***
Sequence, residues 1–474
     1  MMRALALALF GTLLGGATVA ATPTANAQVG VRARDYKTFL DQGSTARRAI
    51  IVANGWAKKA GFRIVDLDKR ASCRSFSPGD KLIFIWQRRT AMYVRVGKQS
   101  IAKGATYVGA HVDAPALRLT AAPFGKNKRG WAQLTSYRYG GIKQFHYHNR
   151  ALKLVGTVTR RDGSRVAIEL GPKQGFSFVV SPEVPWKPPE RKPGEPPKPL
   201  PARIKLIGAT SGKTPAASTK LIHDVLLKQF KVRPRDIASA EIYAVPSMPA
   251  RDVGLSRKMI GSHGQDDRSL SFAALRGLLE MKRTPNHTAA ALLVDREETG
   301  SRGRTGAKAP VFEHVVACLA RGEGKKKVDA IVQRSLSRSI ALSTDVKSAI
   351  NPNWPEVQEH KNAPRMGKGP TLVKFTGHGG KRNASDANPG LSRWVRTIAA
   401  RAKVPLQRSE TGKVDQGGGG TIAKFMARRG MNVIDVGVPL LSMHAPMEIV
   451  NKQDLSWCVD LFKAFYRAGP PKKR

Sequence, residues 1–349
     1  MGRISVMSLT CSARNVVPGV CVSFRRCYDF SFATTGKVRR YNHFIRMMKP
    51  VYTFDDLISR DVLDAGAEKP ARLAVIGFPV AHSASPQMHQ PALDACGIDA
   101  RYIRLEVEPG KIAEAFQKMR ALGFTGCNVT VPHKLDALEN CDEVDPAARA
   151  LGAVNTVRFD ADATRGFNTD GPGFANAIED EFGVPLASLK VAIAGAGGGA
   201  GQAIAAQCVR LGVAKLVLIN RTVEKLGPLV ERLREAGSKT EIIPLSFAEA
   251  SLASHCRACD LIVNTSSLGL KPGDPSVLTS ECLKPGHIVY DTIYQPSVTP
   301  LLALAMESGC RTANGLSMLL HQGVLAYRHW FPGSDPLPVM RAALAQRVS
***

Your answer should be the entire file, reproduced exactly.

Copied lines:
Sequence, residues 1–474
     1  MMRALALALF GTLLGGATVA ATPTANAQVG VRARDYKTFL DQGSTARRAI
    51  IVANGWAKKA GFRIVDLDKR ASCRSFSPGD KLIFIWQRRT AMYVRVGKQS
   101  IAKGATYVGA HVDAPALRLT AAPFGKNKRG WAQLTSYRYG GIKQFHYHNR
   151  ALKLVGTVTR RDGSRVAIEL GPKQGFSFVV SPEVPWKPPE RKPGEPPKPL
   201  PARIKLIGAT SGKTPAASTK LIHDVLLKQF KVRPRDIASA EIYAVPSMPA
   251  RDVGLSRKMI GSHGQDDRSL SFAALRGLLE MKRTPNHTAA ALLVDREETG
   301  SRGRTGAKAP VFEHVVACLA RGEGKKKVDA IVQRSLSRSI ALSTDVKSAI
   351  NPNWPEVQEH KNAPRMGKGP TLVKFTGHGG KRNASDANPG LSRWVRTIAA
   401  RAKVPLQRSE TGKVDQGGGG TIAKFMARRG MNVIDVGVPL LSMHAPMEIV
   451  NKQDLSWCVD LFKAFYRAGP PKKR

Sequence, residues 1–349
     1  MGRISVMSLT CSARNVVPGV CVSFRRCYDF SFATTGKVRR YNHFIRMMKP
    51  VYTFDDLISR DVLDAGAEKP ARLAVIGFPV AHSASPQMHQ PALDACGIDA
   101  RYIRLEVEPG KIAEAFQKMR ALGFTGCNVT VPHKLDALEN CDEVDPAARA
   151  LGAVNTVRFD ADATRGFNTD GPGFANAIED EFGVPLASLK VAIAGAGGGA
   201  GQAIAAQCVR LGVAKLVLIN RTVEKLGPLV ERLREAGSKT EIIPLSFAEA
   251  SLASHCRACD LIVNTSSLGL KPGDPSVLTS ECLKPGHIVY DTIYQPSVTP
   301  LLALAMESGC RTANGLSMLL HQGVLAYRHW FPGSDPLPVM RAALAQRVS